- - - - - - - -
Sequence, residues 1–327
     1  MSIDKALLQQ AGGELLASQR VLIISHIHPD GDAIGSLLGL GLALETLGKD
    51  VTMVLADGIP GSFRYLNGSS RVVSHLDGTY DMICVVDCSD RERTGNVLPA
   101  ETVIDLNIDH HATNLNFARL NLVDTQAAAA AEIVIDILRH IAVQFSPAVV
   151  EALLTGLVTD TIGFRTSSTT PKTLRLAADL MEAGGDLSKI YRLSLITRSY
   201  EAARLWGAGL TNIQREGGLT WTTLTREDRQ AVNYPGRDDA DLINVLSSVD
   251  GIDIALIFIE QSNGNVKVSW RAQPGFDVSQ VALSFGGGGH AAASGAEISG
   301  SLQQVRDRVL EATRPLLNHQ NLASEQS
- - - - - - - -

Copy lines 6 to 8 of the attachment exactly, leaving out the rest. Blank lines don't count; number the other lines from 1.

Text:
   201  EAARLWGAGL TNIQREGGLT WTTLTREDRQ AVNYPGRDDA DLINVLSSVD
   251  GIDIALIFIE QSNGNVKVSW RAQPGFDVSQ VALSFGGGGH AAASGAEISG
   301  SLQQVRDRVL EATRPLLNHQ NLASEQS